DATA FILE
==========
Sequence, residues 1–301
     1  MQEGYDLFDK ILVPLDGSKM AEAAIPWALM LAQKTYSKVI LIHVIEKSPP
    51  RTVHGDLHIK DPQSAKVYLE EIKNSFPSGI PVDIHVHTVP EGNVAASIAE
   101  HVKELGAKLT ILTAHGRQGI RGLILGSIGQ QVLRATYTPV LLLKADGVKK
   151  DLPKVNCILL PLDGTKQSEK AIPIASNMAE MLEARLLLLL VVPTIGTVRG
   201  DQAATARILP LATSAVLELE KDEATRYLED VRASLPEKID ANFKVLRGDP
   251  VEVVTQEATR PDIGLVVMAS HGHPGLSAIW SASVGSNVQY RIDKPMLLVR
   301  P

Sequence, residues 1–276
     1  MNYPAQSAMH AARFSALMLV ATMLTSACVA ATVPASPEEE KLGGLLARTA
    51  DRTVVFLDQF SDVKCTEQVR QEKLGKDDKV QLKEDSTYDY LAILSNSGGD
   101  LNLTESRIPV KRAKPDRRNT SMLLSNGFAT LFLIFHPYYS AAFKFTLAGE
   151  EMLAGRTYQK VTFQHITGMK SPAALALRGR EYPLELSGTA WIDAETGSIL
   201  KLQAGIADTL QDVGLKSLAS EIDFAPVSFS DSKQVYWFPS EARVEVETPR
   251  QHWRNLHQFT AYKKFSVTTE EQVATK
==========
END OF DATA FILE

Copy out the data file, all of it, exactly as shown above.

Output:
Sequence, residues 1–301
     1  MQEGYDLFDK ILVPLDGSKM AEAAIPWALM LAQKTYSKVI LIHVIEKSPP
    51  RTVHGDLHIK DPQSAKVYLE EIKNSFPSGI PVDIHVHTVP EGNVAASIAE
   101  HVKELGAKLT ILTAHGRQGI RGLILGSIGQ QVLRATYTPV LLLKADGVKK
   151  DLPKVNCILL PLDGTKQSEK AIPIASNMAE MLEARLLLLL VVPTIGTVRG
   201  DQAATARILP LATSAVLELE KDEATRYLED VRASLPEKID ANFKVLRGDP
   251  VEVVTQEATR PDIGLVVMAS HGHPGLSAIW SASVGSNVQY RIDKPMLLVR
   301  P

Sequence, residues 1–276
     1  MNYPAQSAMH AARFSALMLV ATMLTSACVA ATVPASPEEE KLGGLLARTA
    51  DRTVVFLDQF SDVKCTEQVR QEKLGKDDKV QLKEDSTYDY LAILSNSGGD
   101  LNLTESRIPV KRAKPDRRNT SMLLSNGFAT LFLIFHPYYS AAFKFTLAGE
   151  EMLAGRTYQK VTFQHITGMK SPAALALRGR EYPLELSGTA WIDAETGSIL
   201  KLQAGIADTL QDVGLKSLAS EIDFAPVSFS DSKQVYWFPS EARVEVETPR
   251  QHWRNLHQFT AYKKFSVTTE EQVATK